Thursday, 12 November 2009

Borsdane Wood

The contrast of warm Mallorcan sunshine with cold Lancashire rain could not have been more complete and such was the shock that I picked up a fierce cold within days of landing at Manchester airport. On Saturday morning I wasn’t up to a trog over Winter Hill, or any hill, more accurately. An hour or two after Pauline had set off in the pouring rain the sun appeared and I was tempted out to have a gentle jog through Borsdane Wood and along the Leeds-Liverpool canal where I could pretty sure of avoiding hills.  The winter sunshine was strong if not warm and while most of the autumn leaves are on the ground there are, probably, just enough left on left on the trees to provide some colour.

Borsdane Wood (1 of 7)


Borsdane Wood (2 of 7)


Borsdane Wood (3 of 7)  

Borsdane Wood (7 of 7)

A fishing competition on the canal meant there were long stretches of towpath were occupied by nearly motionless fishermen with long carbon fibre poles. Seems a strange way to pass a Saturday morning but I expect the feeling was mutual. I am sure I missed the best of the autumn colours here and I certainly missed the best of the wildlife, disturbing a kestrel  and then minutes later spotting a kingfisher flying down the canal inches above the water. Both were far too fast for me and my camera.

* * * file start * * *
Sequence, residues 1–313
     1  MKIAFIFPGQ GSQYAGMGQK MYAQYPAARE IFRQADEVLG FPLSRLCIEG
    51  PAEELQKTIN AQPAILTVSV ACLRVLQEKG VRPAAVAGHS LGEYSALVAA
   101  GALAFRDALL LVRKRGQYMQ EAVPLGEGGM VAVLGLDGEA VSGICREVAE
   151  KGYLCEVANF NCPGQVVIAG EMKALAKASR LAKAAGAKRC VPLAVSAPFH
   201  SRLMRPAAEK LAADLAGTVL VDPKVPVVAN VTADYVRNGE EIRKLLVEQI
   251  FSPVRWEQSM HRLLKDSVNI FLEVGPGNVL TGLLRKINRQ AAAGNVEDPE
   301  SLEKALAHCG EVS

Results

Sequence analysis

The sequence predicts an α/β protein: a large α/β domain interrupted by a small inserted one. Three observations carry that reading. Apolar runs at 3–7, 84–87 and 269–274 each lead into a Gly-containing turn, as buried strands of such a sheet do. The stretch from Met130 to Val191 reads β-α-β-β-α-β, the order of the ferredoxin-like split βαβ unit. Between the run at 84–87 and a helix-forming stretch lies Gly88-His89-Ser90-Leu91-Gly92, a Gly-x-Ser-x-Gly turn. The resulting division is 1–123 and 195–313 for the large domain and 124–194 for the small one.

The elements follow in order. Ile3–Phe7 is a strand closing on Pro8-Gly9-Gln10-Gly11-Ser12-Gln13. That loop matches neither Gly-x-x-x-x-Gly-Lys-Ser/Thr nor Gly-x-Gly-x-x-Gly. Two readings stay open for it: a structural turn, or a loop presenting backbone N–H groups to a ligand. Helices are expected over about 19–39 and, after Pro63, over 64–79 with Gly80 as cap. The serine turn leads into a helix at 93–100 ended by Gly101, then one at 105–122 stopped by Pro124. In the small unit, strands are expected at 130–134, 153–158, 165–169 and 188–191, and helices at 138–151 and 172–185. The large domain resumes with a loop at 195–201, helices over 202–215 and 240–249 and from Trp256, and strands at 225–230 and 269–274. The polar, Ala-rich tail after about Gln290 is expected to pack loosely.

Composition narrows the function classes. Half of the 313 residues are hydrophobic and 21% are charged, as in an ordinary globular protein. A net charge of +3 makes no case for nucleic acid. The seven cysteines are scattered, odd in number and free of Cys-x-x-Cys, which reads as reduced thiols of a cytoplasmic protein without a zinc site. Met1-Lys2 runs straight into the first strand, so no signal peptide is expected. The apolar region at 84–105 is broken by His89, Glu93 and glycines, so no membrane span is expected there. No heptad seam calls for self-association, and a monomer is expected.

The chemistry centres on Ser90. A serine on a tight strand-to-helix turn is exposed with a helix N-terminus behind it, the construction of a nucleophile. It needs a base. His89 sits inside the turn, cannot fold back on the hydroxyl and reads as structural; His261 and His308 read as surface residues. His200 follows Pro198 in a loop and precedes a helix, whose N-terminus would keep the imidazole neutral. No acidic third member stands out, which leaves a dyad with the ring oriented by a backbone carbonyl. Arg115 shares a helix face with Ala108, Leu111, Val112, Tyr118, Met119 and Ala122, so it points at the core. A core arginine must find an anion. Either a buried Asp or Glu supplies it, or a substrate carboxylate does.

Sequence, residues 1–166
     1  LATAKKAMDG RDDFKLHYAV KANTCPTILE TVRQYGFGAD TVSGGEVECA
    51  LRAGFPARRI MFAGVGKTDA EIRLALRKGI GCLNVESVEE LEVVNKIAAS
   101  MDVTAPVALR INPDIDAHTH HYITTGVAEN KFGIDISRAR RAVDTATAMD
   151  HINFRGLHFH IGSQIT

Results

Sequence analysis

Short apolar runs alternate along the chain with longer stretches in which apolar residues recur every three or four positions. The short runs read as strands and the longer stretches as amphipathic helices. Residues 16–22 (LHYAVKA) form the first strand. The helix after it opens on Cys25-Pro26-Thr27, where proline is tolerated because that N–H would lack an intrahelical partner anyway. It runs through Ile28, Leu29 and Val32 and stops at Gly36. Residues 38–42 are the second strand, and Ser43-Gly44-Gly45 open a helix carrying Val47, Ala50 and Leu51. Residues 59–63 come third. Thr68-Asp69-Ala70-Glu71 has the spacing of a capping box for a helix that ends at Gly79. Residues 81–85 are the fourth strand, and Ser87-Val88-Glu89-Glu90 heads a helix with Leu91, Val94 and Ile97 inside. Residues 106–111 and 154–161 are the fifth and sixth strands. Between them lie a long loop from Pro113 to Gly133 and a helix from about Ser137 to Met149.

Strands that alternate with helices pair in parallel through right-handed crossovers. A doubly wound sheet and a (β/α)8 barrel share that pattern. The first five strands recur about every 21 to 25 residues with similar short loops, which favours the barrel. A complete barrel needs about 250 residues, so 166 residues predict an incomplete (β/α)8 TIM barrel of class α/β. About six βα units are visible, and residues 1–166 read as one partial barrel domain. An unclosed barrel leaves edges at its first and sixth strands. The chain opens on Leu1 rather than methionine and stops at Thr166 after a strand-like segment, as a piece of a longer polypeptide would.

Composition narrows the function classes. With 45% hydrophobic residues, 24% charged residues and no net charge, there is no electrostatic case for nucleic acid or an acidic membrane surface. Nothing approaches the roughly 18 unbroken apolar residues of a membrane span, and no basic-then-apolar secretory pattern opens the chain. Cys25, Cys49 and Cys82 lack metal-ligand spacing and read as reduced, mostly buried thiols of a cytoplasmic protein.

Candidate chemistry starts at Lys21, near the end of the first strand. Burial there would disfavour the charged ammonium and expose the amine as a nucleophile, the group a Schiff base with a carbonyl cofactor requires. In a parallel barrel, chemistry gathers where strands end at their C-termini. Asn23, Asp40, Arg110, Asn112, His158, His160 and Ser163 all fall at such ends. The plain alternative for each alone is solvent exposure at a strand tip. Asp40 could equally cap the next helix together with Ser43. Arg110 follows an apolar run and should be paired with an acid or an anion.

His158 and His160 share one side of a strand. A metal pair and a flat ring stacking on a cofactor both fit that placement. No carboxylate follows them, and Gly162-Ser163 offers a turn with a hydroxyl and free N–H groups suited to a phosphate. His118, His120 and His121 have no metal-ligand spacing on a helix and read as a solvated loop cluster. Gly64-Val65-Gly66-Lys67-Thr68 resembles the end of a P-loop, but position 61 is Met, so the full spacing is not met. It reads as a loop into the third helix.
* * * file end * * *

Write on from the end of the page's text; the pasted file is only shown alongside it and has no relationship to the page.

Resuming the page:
Borsdane Wood (4 of 7)

Borsdane Wood (5 of 7)

Wildlife has to be nearly stationary. Even these ducks were almost too quick but effect if their wake and its ripples on the reflection is more interesting, I think, than they are.

Borsdane Wood (6 of 7)

Bridge 62 was as far along the canal as I went and just before turning to run the five miles home I realised the sunshine reflecting off the water was illuminating the underside of the bridge in a way I had never seen before. Five miles didn’t seem a long way but the last three felt like the end of a marathon and I was pleased to be able to record 10 (slow) miles for the morning